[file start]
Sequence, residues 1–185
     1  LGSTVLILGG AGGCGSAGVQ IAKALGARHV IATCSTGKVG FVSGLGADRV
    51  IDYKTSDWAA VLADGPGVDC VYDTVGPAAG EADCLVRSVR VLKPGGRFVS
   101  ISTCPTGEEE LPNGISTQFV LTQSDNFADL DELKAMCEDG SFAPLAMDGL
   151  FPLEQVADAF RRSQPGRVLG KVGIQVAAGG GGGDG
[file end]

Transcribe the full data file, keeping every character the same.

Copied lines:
Sequence, residues 1–185
     1  LGSTVLILGG AGGCGSAGVQ IAKALGARHV IATCSTGKVG FVSGLGADRV
    51  IDYKTSDWAA VLADGPGVDC VYDTVGPAAG EADCLVRSVR VLKPGGRFVS
   101  ISTCPTGEEE LPNGISTQFV LTQSDNFADL DELKAMCEDG SFAPLAMDGL
   151  FPLEQVADAF RRSQPGRVLG KVGIQVAAGG GGGDG